What are you good at? Everyone has some ability or hidden talent that they were blessed with. Use your talent to start your own business and employ yourself. Change the channel in your brain and you can change the world.

If your life is not all that you want it to be change your thoughts and you will change your life. Find at least one thing to laugh about every day. Every day that you are blessed to see is a day that you can’t get back. There are no do overs in life. So, make the best of every day that you are blessed to see. Avoid toxic people that never have anything constructive or positive to say. Make wise life choices that yield good consequences. Know that you are responsible for your happiness. You are also responsible for your sadness. No one has control over you unless you relinquish your control to them. Hold on.

If Detroit is not all that you think that it should be know that you have the power to make Detroit better. Through the power of positive thought you can change Detroit. Today I decided to make Detroit. I’m going to make Detroit better one positive thought at a time.

Cleaning up distressed Detroit neighborhood

One positive thought can start a chain reaction. That one positive thought can cause one positive action. That one positive action can transform a city. One positive thought caused me to write this article that you are reading right now. What will this article cause you to do to make Detroit better?

Let us focus on the things that we can do to make Detroit better that do not cost any money. You start a cleaning drive and pick up the trash in your neighborhood. The cleanliness of a neighborhood says a lot about the character of the people that live in the neighborhood. Cleaning up your own neighborhood does not cost any money at all.

If you are a woman you can mentor to young girls. It does not cost any money to talk to young girls about sexually transmitted diseases. You can talk to them about college and the importance of a college education. You can talk to them about female empowerment. How much money would that cost you? Not one dime.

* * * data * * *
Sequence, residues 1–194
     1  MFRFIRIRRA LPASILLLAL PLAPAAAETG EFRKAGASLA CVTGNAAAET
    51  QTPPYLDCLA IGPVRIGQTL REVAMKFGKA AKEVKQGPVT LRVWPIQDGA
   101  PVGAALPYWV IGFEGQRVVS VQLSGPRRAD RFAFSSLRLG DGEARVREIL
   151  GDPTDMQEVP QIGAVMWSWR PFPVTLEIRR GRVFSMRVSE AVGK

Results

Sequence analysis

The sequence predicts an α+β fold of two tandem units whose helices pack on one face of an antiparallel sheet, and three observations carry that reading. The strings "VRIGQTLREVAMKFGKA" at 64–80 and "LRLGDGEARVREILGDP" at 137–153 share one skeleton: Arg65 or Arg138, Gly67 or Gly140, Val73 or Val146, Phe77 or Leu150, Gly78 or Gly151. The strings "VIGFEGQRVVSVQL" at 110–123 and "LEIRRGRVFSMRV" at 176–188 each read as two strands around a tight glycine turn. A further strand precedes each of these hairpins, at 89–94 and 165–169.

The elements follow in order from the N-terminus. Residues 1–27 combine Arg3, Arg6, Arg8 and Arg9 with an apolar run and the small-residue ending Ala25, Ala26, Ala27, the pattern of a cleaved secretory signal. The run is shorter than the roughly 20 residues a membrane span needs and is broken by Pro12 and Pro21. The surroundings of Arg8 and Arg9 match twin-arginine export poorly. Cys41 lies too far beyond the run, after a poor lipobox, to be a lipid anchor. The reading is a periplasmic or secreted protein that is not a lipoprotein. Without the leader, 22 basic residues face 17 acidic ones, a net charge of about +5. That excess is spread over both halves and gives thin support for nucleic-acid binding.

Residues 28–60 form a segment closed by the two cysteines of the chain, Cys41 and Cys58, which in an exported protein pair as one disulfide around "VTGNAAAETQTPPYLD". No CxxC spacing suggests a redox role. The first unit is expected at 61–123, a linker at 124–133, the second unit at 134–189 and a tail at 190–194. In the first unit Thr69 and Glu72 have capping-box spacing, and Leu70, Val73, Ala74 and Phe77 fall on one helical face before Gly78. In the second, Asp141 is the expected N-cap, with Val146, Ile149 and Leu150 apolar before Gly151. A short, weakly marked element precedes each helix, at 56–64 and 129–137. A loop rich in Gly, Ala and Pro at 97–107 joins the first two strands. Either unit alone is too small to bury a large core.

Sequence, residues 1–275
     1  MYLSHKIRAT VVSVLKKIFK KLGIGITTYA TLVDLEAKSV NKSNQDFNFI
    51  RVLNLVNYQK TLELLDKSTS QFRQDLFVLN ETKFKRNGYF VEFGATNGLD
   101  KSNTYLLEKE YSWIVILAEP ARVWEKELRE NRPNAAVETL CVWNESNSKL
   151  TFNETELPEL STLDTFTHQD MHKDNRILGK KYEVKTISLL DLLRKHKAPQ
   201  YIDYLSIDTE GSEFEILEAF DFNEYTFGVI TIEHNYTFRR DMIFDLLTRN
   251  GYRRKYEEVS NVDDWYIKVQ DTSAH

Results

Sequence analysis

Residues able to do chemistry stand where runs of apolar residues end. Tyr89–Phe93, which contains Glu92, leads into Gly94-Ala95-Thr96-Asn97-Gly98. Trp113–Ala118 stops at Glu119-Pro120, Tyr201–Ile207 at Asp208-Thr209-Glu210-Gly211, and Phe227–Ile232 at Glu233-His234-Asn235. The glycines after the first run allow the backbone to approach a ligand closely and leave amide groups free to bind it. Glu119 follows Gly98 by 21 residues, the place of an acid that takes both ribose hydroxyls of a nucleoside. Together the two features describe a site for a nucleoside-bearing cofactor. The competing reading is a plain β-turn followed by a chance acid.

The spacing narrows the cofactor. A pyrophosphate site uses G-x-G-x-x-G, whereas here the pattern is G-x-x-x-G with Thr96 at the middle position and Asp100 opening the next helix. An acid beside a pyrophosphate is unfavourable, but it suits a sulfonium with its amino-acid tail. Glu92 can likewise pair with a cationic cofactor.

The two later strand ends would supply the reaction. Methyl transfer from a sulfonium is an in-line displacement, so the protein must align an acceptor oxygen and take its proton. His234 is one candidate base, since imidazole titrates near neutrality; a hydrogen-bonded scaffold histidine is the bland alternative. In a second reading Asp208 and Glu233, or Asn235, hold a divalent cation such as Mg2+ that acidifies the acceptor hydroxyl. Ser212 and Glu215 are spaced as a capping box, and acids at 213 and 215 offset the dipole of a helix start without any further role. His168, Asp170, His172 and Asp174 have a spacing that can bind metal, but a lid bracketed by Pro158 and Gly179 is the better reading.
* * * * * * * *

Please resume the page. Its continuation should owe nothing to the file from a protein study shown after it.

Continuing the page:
Young Detroit women, children on Belle Isle in 2012 before state takeover.

You can start a financial empowerment group and focus on teaching people how to start and run their own businesses. Detroit has the largest business library in the world at Two Woodward Ave. That library has books on everything dealing with business. That does not cost any money at all.

You can start a conflict resolution class for troubled black males that desperately need help resolving conflicts. That would not cost anything but your time.

You can start a BUY DETROIT, campaign. How many times does a dollar circulate in Detroit before it leaves Detroit? Every single time that a Detroit earned dollar is spent in a Detroit owned business, it helps that business grow. Let’s start a new trend called BUY DETROIT, BY DETROIT. Let’s start buying our goods and services from fellow Detroiters.

VOD Editor’s Note: Charles Lewis has been serving an unconstitutional juvenile life without parole sentence for 41 years in the MDOC. His article shows how he has survived those brutal years and what he has to contribute to the people of Detroit upon release.

At the age of 17, Lewis was framed up by the notoriously corrupt Sgt. Gil Hill and STRESS cop Marvin Johnson, among others, for the shooting death of off-duty Detroit cop Gerald Sypitkowski. The cop’s partner and numerous other witnesses identified a different perpetrator.

Charles Lewis with mother Rosie Lewis in 1977.

Judge Joseph Maher

Recorders’ Court Judge Joseph Maher sentenced Lewis to LWOP after dismissing his first jury without cause in May, 1977, meaning Lewis should have been acquitted.

Maher was well-known as one of Detroit’s most racist judges, assisting in the acquittal of STRESS murderer Raymond Peterson, and putting Atty. Kenneth Cockrel, Sr. on trial for calling Maher appropriate epithets out of court.

VOD has reported constantly on Lewis’ battles to dismiss his case due to the suspicious loss of his complete court files. Give a shout out to Charles (K.K.) Lewis on Facebo0k: #FREECHARLESLEWIS#TAKEAKNEEFORCRIMINALINJUSTICES https://www.facebook.com/groups/1512572892145578/.

Judge Qiana Lillard

Also call his Judge, Qiana Lillard, at 313-224-2391, and Prosecutor Kym Worthy at 313-224-5817 to demand his release, and offer assistance to his defense attorney Victoria Burton-Harris at 313-224-2166 on behalf of his mother, four brothers and sisters, grand and great nieces, and numerous others who know him and have been helped by him.

Put Charles Lewis’ name in the VOD search engine for related stories. Write to  Charles Lewis, #150709, at the Lakeland Correctional Facility, 141 First St., Coldwater, MI 49036.